Redevelopment Of Baltimore's Iconic Harborplace Moving Forward Soon
Baltimore residents will soon have the chance to weigh in on the upcoming transformation of the iconic Harborplace property.
Economic development officials expect to start holding public meetings with residents to share ideas for MCB Real Estate's redevelopment of the Inner Harbor landmark by the end of the year, the Baltimore Business Journal reported Thursday.
Colin Tarbert, CEO of the Baltimore Development Corp., told board members Thursday he expects public meetings to start once the Inner Harbor landmark clears receivership. Politicians, economic development officials and residents have waited roughly three years to start the process of molding plans for the Harborplace pavilions.
Earlier this year, Baltimore-based MCB Real Estate signed an agreement to purchase the property once a judge approves the deal. Baltimore Mayor Brandon Scott announced the impending purchase of Harborplace by MCB Real Estate during his State of the City address in April.
“Today, we start a new chapter for Harborplace – bringing Baltimore vision, Baltimore community investment, and Baltimore style to transform Harborplace into a landmark destination where residents can go to enjoy the best that we have to offer – thriving small businesses, green spaces and cultural venues,” Scott said in his speech.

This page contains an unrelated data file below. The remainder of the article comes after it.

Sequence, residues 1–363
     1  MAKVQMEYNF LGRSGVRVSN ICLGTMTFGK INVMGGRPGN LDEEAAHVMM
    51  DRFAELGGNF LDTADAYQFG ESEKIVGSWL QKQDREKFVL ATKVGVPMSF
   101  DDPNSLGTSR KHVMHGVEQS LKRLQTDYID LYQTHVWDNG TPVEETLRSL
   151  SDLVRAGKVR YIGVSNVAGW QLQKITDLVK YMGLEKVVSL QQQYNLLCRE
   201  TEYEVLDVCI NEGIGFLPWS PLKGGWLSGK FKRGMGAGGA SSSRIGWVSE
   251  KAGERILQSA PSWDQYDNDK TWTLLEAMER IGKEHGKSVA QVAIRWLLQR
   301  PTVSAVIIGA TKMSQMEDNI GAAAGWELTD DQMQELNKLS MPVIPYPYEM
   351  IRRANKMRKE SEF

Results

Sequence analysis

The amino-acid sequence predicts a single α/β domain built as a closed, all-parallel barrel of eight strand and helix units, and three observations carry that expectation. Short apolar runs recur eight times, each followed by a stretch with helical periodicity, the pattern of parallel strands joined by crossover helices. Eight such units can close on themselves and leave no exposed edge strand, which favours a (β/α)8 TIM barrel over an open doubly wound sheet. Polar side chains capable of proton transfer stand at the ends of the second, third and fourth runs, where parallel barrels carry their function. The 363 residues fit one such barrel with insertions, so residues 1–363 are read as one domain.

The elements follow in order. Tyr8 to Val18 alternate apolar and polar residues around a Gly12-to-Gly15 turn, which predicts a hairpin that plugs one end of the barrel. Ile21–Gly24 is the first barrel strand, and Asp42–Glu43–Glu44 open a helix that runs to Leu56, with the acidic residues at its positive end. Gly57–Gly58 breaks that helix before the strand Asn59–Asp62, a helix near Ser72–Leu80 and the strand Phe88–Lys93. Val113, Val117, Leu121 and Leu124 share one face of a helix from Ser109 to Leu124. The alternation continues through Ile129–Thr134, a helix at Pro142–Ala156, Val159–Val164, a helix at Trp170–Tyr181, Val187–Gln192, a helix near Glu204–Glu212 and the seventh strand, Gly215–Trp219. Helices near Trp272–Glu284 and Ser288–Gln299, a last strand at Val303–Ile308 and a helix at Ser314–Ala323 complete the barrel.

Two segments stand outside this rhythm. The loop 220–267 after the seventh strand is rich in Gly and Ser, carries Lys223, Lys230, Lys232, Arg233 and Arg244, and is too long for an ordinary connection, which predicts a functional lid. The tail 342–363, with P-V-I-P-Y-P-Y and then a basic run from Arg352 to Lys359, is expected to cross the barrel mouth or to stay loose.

The Harborplace property, a creation of renowned developer Jim Rouse, is a two-level indoor mall with retail and restaurant spaces. The property was a major component of Baltimore’s redevelopment of its decaying commercial waterfront. The pavilions, combined with projects such as the nearby National Aquarium, transformed the Inner Harbor into a tourist destination.
Built in 1980, the property has started to show its age. At the same time, tastes in retail shifted away from enclosed malls toward more urban-style mixed-use projects that combine shopping options with residential and office buildings.
Previously owned by the embattled Ashkenazy Acquisitions Corp. since 2013, Harborplace struggled with upkeep and vacancy during that firm's tenure as owner. Eventually, the property entered bankruptcy in the summer of 2019, where it sat with an uncertain future until MCB entered the picture.
MCB is primarily known as a mixed-use developer in the Baltimore area. The firm is best known in Baltimore for projects like Yard 56 in Bayview, The Rotunda in Hampden and Northwood Commons near Morgan State University.
Harborplace isn’t the only former Ashkenazy-owned property in Baltimore getting new investment. In 2020, after about two years of negotiations, Ashkenazy sold the Rouse-designed Village at Cross Keys to Caves Valley Partners. The new owners expect significant investments in repositioning the retail portion of Cross Keys to finish by the end of the year.